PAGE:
totally trolleyed

Been stuck in struggletown, lugging home armfuls of grocery bags? Take a leaf out of Nanna’s book and grab a little two-wheeler to call your own.

nanna trolley body

MATERIALS
approx. 200cm x 110cm of your chosen fabric
matching thread
2m of contrasting bias binding (1.5cm wide)
pins
scissors
sewing machine
ruler
pencil
iron
brown paper or newspaper for a basic template

NOTE: We’ll use the existing trolley fabric as our foundation, and cover it neatly with nicer fabric (plus an optional removable lid!).

HOW TO: COVER THE BODY
1. Measure the basket part of your trolley (the bit you put everything in!). You need to measure the height, width and depth of it, so you can cover it with your fabric.

2. The width + the depth + 3cm = measurement 1
The height + 5cm = measurement 2

3. Cut a piece of fabric the width of measurement 1 and the height of measurement 2. This is the body piece that will go around the basket of your trolley. Place it on your ironing board with the wrong side of the fabric facing up and the measurement 1 edges at the top and bottom. Fold the top edge down 1cm and press with the iron. Fold it down another 1cm and press again.

4. Pin to secure the fabric and stitch it into place with a straight stitch on your sewing machine. This will form a neat top hemmed edge. Do the same with the bottom edge, then remove all pins and trim any loose threads.

5. Fold your body piece in half with the right sides facing in, matching the unsewn, raw measurement 2 edges. Pin along the raw edge, then sew a neat seam 1cm in using a straight stitch. Turn it out the right way and try it on your trolley. (It might be a tiny bit big!)

6. If it needs some cinching in, turn your body piece inside out again, and sew your seam a little further in to make it fit. It might take a bit of trial and error, depending on your fabric. Once it fits, sew over the seam to reinforce it and trim any loose threads. Then, pop it on your trolley. How good does that look?!

MAKE A LID

1. If your trolley has a vinyl or fabric lid, carefully cut it off and use the brown paper or newspaper to trace over the parts that made it up. It’s best to trace them the actual size of your existing lid, then pop them onto a clean sheet of paper and redraw them with an extra 1cm all around. A bit of trial and error may be needed again, and you can even make it out of scrap fabric first, to get it right.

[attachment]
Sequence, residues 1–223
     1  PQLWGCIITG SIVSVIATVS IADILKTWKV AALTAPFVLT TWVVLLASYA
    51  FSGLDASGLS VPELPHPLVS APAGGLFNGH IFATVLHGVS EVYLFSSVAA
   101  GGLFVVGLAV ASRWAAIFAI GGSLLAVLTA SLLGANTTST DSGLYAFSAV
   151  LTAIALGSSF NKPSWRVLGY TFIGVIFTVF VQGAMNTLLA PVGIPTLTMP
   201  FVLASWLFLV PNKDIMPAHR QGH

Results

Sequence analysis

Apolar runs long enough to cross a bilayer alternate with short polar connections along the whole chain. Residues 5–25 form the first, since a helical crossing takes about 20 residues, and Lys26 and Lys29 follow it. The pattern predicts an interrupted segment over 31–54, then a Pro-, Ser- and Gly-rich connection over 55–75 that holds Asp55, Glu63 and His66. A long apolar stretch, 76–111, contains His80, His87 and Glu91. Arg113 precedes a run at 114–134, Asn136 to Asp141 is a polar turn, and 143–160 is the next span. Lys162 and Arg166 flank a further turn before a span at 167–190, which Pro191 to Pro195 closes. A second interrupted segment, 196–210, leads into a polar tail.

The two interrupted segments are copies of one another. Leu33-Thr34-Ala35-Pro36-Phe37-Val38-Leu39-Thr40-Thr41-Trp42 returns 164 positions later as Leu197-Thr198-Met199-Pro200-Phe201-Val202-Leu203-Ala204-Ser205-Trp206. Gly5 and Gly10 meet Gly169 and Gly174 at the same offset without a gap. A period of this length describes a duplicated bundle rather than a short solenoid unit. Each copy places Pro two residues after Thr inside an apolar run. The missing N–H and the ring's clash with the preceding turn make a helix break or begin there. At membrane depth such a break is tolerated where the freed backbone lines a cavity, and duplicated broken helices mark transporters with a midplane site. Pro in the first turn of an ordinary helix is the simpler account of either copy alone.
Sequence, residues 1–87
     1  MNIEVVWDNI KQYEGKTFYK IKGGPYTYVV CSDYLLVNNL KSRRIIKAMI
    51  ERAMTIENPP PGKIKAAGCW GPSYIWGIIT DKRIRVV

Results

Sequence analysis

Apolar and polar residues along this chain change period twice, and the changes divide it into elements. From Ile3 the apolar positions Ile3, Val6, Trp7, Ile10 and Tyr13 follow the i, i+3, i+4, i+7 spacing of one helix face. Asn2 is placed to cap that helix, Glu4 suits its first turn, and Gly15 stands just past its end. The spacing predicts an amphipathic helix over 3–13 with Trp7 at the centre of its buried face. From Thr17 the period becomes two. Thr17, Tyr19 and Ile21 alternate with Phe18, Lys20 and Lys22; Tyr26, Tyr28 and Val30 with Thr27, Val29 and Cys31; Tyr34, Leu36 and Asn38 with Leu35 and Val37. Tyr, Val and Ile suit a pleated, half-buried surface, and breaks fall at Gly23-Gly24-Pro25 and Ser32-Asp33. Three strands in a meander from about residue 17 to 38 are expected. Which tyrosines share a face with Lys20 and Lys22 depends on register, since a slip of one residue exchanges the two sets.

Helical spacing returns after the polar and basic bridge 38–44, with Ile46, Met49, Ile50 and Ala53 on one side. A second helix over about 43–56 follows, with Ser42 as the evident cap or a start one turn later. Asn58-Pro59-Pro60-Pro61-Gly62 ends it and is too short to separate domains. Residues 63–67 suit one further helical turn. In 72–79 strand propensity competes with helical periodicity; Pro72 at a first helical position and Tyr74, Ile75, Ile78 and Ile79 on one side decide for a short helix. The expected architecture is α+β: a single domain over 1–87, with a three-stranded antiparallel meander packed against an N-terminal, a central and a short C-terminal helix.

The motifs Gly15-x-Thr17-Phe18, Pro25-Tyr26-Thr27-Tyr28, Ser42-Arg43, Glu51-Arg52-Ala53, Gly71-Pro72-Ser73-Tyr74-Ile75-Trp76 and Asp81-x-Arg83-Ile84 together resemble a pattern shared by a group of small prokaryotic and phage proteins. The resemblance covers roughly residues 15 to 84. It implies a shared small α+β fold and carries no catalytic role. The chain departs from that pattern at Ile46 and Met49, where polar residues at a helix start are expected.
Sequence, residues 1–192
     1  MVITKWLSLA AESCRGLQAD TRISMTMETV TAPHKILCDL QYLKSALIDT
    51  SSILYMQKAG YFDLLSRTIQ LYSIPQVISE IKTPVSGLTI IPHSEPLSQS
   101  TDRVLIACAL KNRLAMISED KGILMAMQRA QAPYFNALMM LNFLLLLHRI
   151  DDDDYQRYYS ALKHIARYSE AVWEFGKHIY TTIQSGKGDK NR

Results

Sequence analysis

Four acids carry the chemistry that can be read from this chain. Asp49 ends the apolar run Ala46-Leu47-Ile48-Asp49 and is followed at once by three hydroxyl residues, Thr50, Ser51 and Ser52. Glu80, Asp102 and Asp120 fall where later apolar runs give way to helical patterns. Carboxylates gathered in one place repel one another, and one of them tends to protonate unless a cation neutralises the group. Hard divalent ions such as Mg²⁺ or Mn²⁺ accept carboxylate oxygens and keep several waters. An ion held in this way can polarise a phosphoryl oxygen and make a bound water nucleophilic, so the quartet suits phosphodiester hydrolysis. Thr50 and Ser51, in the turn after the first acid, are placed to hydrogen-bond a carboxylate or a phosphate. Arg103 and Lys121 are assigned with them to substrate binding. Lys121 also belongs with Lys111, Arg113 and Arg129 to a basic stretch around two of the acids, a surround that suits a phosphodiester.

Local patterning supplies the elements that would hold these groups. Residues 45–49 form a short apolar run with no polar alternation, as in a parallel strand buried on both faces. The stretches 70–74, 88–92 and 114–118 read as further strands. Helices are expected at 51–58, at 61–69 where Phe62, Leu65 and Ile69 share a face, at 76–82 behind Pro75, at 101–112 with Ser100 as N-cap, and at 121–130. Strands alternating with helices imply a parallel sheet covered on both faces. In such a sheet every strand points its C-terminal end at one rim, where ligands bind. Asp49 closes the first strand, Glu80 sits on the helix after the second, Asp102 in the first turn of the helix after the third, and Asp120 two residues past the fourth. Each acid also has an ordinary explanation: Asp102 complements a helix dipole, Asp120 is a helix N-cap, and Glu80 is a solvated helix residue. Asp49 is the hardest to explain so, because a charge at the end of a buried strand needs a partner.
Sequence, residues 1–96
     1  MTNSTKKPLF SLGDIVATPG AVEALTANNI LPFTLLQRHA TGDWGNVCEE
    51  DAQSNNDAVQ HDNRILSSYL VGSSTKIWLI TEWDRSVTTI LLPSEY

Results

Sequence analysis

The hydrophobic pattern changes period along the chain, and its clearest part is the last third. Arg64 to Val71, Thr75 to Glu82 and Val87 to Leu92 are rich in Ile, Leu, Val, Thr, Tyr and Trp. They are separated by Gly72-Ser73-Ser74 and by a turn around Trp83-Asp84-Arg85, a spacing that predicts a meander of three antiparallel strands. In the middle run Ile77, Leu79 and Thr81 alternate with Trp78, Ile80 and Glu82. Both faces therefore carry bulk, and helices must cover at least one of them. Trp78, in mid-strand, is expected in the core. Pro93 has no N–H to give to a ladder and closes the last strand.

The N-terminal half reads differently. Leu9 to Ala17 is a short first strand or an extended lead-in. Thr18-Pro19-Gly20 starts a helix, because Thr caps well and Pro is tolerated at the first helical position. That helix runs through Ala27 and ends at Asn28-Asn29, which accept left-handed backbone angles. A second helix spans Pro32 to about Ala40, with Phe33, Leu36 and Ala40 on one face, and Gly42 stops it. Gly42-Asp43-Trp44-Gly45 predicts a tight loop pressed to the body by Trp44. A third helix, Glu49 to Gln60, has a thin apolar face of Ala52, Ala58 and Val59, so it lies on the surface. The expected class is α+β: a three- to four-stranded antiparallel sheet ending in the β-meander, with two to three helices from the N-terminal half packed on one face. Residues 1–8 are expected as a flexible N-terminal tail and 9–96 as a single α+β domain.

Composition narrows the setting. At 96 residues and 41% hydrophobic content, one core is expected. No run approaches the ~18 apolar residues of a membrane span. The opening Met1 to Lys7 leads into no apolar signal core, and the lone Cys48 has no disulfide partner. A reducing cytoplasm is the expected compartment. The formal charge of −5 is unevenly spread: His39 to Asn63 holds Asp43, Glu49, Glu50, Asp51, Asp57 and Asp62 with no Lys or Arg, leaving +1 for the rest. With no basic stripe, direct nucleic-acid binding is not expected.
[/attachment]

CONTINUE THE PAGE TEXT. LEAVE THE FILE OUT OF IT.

2. When you’re ready, cut out the pieces for your trolley lid from your final fabric. Stitch them together to mimic the existing lid, using a 1cm seam.

3. If you didn’t have a lid, but still want to make one, our pieces were a large rectangle that neatly covered the top of the trolley (plus 1cm seam allowance), with two small squares cut out at the back corners to allow room for each side of the handle. We also cut a long, skinny rectangle (again, with a 1cm seam) which wrapped around the front and formed the ‘lip’ of the lid to close things up snugly.

4. Stitch the skinny rectangle around the sides and front of the lid piece. It’s best to pin it first so you can make sure the mechanics work. To make nice corners on your lid, pin and tuck your fabric into place until it seems neat, then hand-sew to secure.

5. Secure the lid to the handle

6. Cut the bias binding into 50cm lengths and zigzag stitch the full length of each piece to reinforce and form a tie or cord.

7. Pin a pair of ties at each back corner of your lid, then stitch into place so they form tieable closures that secure the lid around each handle. Alternatively, you can stitch the lid piece to the body piece and not bother with having ties at all!

8. From here, you could add a pocket, pom poms, paint your handle or iron on some patches. The sky’s the limit with your pimped-out trolley!

This crafty project comes from frankie issue 88, on sale now. Nab a copy here, or subscribe from $10.50.

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